Rent-Seeking Is Alive and Well in Trump’s Tariffs

Are you a small American manufacturer, fighting to stay on the right side of your already-thin profit margin, who imported steel goods from abroad before the Trump administration’s 25 percent tariff? Well, help is on the way! All you have to do is apply to the Commerce Department for an exemption to the tariff!

How Regulation Backfires

All you’ll need to do is answer dozens of questions to establish an airtight case that the goods you’re after aren’t produced domestically of a “satisfactory quality” or in a “sufficient and reasonably available amount.”

Oh, and one other thing. American steel suppliers get to “object” to your request, akin to nicely asking the government to force you to buy from them or suffer the 25 percent penalty. The Commerce Department says it’s granted twice as many exemptions as it’s rejected, so you’re probably in the clear … unless giant steel manufacturers Nucor or U.S. Steel take an interest in your case. The government has denied all of the exemptions to which they’ve objected.

Nucor and U.S. Steel’s perfect batting average becomes easier to understand, though even more disheartening, when one learns that both companies have close ties to Commerce Department officials. Nucor is old friends with Trump trade advisor Peter Navarro, and helped finance a documentary the economist made several years back. And several officials in the administration used to work as U.S. Steel executives.

A Systemic Flaw

You might expect me to rail against the current administration’s corruption, cronyism, or mismanagement. But no, this is business as usual, no matter who is in office. It’s called rent-seeking, and it’s a systemic issue that’s nearly impossible to remove from government regulation.

The concept of rent-seeking was developed and defined by economists Gordon Tullock and Anne Krueger in the late 1960s and early 1970s. It basically refers to any situation in which a private firm expends resources manipulating the political or regulatory process to get itself a bigger piece of the pie, without growing the pie at all by doing something productive.

Of course, big firms are the ones with enough resources to interface with and influence the government. This leads to the ironic result that much government regulation, intended to discipline large corporations, ends up giving them yet another advantage.

Worse Than Corruption

I highly doubt that Trump administration officials sat in a smoke-filled room with Nucor and U.S. Steel executives and decided that latter had carte blanche to reject exemptions to the tariff. If that described most rent-seeking, it would be a solvable problem. Just elect the right people and make the right rules, and watch the corruption vanish.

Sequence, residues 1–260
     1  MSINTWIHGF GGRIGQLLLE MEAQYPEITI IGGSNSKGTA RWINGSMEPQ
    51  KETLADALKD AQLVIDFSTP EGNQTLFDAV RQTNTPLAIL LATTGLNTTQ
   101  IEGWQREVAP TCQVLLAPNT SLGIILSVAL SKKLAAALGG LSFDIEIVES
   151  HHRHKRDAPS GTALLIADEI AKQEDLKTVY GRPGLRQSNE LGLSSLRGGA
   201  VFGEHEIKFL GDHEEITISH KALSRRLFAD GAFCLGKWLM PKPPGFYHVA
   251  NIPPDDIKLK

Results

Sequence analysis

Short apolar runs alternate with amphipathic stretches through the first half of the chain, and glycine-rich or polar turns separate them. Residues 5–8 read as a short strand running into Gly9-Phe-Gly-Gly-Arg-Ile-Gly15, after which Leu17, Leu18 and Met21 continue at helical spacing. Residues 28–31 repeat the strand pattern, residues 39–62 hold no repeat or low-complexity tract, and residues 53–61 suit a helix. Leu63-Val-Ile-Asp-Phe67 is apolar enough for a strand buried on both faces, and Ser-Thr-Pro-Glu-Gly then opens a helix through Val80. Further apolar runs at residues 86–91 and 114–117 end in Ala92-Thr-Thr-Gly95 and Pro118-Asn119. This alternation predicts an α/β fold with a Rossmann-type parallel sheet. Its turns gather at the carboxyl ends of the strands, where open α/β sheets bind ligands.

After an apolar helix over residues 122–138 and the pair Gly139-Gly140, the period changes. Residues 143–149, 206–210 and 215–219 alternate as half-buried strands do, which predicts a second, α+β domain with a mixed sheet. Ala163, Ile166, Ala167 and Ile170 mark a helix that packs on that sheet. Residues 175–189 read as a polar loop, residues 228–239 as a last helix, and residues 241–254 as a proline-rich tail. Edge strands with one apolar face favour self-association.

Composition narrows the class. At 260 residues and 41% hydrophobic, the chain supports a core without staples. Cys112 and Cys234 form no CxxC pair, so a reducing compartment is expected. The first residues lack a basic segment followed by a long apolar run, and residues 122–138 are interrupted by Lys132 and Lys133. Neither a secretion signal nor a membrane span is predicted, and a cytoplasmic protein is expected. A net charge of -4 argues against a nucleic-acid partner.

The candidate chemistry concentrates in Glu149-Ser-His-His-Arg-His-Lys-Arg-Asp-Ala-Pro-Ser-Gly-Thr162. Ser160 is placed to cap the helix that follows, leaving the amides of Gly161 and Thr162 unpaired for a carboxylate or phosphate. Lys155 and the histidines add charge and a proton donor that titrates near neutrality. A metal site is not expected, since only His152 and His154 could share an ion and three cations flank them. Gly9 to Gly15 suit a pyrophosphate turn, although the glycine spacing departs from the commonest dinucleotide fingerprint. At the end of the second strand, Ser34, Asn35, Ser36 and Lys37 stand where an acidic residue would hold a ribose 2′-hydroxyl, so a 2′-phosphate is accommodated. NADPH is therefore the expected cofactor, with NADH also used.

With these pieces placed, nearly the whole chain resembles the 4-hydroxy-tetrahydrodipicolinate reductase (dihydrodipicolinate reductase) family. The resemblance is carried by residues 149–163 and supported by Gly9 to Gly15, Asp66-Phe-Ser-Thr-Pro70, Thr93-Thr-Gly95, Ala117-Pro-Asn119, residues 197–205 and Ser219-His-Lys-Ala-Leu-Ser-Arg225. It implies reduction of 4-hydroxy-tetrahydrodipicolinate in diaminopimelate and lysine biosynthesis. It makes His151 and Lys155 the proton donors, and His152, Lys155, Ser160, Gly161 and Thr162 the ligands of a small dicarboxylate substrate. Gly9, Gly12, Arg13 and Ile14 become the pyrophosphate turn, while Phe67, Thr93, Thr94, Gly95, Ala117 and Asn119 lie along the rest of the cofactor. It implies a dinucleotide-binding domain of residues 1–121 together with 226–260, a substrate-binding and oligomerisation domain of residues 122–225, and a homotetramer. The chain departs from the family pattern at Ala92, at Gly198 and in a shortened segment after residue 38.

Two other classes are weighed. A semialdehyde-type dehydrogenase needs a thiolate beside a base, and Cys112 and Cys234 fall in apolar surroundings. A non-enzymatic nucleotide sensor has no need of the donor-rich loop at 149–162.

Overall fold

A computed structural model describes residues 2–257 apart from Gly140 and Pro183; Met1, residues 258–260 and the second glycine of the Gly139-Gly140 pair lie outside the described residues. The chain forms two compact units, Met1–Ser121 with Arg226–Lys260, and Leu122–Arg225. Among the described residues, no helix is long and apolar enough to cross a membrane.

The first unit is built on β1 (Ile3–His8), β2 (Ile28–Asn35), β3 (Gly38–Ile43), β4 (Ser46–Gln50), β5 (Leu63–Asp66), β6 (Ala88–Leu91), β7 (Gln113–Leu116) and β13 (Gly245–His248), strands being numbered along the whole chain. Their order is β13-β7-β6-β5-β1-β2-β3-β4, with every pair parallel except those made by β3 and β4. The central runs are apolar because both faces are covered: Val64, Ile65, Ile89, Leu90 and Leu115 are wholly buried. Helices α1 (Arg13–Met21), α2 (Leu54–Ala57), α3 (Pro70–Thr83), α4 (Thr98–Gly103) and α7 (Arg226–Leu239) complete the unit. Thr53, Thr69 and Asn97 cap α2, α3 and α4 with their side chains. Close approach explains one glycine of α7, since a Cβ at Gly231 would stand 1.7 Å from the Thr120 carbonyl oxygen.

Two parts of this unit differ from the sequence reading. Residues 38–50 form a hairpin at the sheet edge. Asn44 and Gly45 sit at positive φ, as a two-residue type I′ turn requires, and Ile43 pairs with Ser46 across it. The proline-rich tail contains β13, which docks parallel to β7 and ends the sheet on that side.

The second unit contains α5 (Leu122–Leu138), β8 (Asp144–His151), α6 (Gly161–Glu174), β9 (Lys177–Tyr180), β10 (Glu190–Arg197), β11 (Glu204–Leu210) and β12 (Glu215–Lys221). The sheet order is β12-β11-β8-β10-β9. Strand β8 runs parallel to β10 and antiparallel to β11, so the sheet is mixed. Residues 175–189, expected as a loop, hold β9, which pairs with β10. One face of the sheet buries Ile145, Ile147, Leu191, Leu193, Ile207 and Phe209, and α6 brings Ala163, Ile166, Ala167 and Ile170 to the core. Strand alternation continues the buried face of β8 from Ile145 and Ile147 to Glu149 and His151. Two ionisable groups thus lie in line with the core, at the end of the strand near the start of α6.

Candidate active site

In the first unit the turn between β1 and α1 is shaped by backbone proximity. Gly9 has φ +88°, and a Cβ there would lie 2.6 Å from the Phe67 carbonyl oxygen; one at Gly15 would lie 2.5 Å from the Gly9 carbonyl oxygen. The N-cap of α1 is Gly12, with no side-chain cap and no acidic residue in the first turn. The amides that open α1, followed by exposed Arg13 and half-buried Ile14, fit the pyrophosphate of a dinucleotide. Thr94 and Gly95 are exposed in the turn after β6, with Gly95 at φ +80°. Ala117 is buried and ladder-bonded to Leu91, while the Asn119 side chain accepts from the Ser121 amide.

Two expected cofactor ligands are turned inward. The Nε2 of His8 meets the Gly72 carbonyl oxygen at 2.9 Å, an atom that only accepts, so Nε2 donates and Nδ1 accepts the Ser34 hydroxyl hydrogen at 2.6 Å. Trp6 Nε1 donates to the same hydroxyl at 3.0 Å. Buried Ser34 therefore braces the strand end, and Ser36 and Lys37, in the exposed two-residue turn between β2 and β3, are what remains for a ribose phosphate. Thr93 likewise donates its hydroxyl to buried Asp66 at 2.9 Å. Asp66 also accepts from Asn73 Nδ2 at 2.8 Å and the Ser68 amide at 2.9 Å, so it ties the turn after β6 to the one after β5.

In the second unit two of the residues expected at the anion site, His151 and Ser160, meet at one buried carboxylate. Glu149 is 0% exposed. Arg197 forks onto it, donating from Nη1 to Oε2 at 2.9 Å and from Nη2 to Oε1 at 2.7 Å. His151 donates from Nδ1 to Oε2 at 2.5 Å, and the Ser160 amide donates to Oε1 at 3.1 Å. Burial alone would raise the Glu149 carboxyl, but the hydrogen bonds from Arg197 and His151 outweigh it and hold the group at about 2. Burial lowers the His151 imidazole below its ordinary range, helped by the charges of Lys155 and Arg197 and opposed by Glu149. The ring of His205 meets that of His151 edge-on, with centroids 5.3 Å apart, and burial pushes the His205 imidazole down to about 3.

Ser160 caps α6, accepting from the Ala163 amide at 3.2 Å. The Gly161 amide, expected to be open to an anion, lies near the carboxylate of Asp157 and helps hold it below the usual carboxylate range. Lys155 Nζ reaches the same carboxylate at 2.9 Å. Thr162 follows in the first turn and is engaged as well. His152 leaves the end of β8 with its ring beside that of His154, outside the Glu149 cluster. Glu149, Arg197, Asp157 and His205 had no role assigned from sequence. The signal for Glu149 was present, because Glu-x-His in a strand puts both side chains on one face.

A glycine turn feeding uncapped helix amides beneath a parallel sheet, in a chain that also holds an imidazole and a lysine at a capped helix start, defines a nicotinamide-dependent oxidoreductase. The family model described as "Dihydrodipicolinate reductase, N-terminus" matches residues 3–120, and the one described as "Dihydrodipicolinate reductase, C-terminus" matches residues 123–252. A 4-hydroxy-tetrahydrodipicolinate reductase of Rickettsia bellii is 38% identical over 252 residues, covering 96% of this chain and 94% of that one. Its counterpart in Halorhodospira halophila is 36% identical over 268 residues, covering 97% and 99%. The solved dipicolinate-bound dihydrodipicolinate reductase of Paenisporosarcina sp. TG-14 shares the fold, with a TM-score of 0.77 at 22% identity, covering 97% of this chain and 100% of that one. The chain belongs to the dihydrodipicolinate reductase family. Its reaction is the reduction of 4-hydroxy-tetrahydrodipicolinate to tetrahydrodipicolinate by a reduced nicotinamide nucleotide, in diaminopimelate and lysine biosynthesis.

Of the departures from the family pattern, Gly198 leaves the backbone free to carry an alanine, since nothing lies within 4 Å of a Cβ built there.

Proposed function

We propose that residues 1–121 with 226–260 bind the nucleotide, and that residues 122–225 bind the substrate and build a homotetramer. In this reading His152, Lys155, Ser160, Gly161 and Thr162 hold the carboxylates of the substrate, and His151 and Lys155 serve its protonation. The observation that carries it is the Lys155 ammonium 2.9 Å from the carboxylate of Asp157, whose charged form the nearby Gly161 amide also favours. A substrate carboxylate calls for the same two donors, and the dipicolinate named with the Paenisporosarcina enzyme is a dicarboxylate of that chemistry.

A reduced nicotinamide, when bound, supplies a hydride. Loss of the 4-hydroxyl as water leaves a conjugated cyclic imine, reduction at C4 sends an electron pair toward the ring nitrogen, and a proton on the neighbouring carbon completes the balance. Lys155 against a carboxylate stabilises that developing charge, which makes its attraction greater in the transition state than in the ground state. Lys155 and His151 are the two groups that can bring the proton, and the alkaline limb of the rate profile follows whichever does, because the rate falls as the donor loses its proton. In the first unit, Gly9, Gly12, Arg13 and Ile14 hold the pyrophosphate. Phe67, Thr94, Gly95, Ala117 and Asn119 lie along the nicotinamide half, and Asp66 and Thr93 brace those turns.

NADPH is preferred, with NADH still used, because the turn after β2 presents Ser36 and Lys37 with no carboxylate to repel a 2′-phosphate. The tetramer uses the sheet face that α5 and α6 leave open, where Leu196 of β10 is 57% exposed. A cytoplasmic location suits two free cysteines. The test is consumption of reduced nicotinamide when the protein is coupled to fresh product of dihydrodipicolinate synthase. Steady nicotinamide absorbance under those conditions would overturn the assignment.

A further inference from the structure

But the rent-seeking process is far more subtle. These executives and government officials once worked together, probably went to school together, and have known each other their entire careers. Representatives of these large firms are just more likely to have the ear of those with political power. And that’s the biggest problem: nobody has to have particularly ill intentions to make rent-seeking a reality.

If the returns from influencing government are greater than those from actual production, executives and lobbyists from big companies will find their way to the right people. And presumably well-intentioned exceptions to the rules, like the exemption process with steel, just create more surface area onto which rent seekers can attach like barnacles on the hull of a ship.

Rent-seeking is a problem that those on the left should have to answer for whenever they propose extensive new regulations. But as the recent steel tariffs show, the problem knows no political ideology, and is an inevitable occurrence at the friction point between personal connections and power. The only way out, it would seem, would be to greatly reduce the very power to regulate.

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Max Gulker

Max Gulker is an economist and writer who joined AIER in 2015. His research often focuses on free markets and technology, including blockchain and cryptocurrencies, the sharing economy, and internet commerce. He is a frequent speaker at industry conferences, especially on blockchain technology. Max’s research and writing also touch on other economic topics, including governance, competition, and small businesses.
 
Max holds a PhD in economics from Stanford University and a BA in economics from the University of Michigan. Prior to AIER, Max spent time in the private sector, consulting with large technology and financial firms on antitrust and other litigation. Follow @maxgAIER.